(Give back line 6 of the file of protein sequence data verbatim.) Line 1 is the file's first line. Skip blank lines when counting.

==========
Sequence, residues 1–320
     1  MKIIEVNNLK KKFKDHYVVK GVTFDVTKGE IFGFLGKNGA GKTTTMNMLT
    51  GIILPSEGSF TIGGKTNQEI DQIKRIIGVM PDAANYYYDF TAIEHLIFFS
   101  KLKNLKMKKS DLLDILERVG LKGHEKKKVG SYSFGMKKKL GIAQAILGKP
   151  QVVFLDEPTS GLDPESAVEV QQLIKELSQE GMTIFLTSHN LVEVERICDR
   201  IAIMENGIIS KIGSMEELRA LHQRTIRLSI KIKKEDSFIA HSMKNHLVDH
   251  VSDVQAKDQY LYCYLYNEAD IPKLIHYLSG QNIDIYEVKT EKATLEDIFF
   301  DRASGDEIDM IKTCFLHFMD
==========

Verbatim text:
   201  IAIMENGIIS KIGSMEELRA LHQRTIRLSI KIKKEDSFIA HSMKNHLVDH